Dons make a splash The Amador JV Lady Dons Water Polo Team took first place for the second year at the Liberty High School water polo tournament. They report that they have struggled lately but seemed to have turned it all around after a nailbiting overtime 9-8 win against EBAL rival Livermore at Livermore on Oct. 20. This newfound life carried over into Saturday’s threewin, first-place finish in the Liberty High School JV tournament. The team was scheduled to play crosstown rival Amador Valley at Amador on Oct. 27. After the varsity game, Amador planned to honor its six graduating girls: Madison Mooney, Kayla Miller, Madeleine Hess, Caroline Harpster, Elle Surber and Nicole Guzolek; and its two graduating boys: Michael Lenz and goalie Chris Iniguez. The boy’s varsity game was to follow immediately after the brief ceremony.

Going for it Pleasanton Rage’s Sophia Shiblaq, center, controls the ball against the Mustang Blaze in U10 girls soccer action Saturday at Diablo Vista Middle School in Danville. The Blaze beat the Rage Black team, 1-0.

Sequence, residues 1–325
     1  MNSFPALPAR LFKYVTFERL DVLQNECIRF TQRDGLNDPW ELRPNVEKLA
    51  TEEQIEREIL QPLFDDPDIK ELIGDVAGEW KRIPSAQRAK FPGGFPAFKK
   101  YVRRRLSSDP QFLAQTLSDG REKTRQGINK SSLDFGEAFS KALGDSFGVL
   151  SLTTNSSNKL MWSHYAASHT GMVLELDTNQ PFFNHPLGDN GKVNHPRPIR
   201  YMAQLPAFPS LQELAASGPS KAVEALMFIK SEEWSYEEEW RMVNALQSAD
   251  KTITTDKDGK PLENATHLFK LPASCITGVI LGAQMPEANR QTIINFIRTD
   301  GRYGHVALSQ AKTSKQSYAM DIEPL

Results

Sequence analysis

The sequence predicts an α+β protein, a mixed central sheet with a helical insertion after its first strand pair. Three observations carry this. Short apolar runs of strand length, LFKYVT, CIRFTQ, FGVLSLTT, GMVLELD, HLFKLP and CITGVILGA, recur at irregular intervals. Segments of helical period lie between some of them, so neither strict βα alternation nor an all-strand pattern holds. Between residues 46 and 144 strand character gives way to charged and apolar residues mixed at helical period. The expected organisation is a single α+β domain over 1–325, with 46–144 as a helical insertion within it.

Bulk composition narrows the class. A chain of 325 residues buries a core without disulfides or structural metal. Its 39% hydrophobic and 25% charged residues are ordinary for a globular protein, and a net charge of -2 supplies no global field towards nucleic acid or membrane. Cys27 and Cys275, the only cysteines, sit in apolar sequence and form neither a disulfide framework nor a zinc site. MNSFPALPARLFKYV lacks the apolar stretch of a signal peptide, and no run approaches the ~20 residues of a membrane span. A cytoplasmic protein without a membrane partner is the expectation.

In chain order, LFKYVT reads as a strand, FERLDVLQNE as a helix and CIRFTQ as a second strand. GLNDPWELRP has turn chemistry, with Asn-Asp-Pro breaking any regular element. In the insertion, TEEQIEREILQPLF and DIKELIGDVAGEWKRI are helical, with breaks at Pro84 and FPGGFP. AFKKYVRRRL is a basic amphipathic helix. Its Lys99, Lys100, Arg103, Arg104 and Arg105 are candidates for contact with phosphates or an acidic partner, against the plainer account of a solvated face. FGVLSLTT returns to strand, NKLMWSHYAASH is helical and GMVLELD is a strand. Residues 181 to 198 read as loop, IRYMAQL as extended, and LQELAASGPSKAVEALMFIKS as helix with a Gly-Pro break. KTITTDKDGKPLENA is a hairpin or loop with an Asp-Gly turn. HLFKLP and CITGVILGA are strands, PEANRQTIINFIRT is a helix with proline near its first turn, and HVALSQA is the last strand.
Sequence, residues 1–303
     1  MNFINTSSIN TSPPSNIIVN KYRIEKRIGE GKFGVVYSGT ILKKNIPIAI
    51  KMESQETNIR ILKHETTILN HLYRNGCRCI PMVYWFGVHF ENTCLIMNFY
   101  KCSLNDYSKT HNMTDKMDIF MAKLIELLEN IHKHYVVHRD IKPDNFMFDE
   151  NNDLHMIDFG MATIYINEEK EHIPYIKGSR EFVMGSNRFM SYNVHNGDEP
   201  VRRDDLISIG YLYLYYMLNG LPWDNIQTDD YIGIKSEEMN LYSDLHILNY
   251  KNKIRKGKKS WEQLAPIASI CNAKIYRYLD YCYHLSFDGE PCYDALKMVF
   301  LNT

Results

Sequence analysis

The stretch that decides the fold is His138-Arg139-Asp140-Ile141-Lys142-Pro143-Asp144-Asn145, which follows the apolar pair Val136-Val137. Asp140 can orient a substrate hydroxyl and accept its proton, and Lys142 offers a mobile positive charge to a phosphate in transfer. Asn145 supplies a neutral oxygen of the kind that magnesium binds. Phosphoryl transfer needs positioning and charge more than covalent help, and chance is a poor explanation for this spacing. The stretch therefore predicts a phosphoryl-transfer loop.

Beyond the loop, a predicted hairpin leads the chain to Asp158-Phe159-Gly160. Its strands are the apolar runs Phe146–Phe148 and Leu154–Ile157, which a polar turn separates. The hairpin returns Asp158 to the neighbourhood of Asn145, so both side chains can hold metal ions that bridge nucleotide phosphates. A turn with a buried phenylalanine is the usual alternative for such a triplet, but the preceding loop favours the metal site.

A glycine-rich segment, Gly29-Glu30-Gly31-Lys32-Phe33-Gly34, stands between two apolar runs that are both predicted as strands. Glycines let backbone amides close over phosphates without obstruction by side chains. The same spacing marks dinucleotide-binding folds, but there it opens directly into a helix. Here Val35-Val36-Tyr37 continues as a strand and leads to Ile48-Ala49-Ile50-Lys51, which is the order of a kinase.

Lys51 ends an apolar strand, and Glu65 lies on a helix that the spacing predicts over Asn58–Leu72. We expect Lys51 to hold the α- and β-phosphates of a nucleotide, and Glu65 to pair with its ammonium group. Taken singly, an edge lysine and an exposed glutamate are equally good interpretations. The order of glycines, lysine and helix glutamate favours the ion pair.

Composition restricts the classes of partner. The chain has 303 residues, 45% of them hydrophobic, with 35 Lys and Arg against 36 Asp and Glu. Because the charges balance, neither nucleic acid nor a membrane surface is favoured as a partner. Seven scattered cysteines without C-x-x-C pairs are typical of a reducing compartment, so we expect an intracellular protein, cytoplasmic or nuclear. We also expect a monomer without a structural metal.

PREP LINE-UP Oct. 28 ■

Football: 7 p.m., Foothill vs. Livermore, home ■ Football: 7 p.m., AVHS vs. Monte Vista, away

Nov. 1 ■

Last hurrah on Pleasanton pitch

Her-ricane on the field

Olivia Zhu seeks a Rage teammate in U19 D3 action against the Union City Rebels on Sunday. Olivia netted 3 goals in the game, which the D3 won, 7-1. Top offensive players were Zhu, Haley Boehmer, Kiley Zieker; top defensive were Kelsey Milligan, Dana Syriani and Megan Smart. The team is virtually all seniors so it was their last game on a Pleasanton pitch.

Jamison Gray of the Rage U12 Her-ricanes heads downfield Saturday while playing Xtreme Tigers to win the game, 3-1. Top offensive players were Gray, Mollie McKay and Audrey Emmett. Top defensive players were Allison Defazio, Hailey Hogarty and Kyra Shah.

Girls Volleyball: 6:30 p.m., Foothill vs. Carondelet, away ■ Girls Volleyball: 6 p.m., AVHS vs. Livermore, away

Nov. 3 ■

Girls Volleyball: 6:30 p.m., Foothill vs. AVHS, away

Nov. 4 ■

Football: 7 p.m., Foothill vs. Monte Vista, away ■ Football: 7 p.m., AVHS vs. California, away

Nov. 10 ■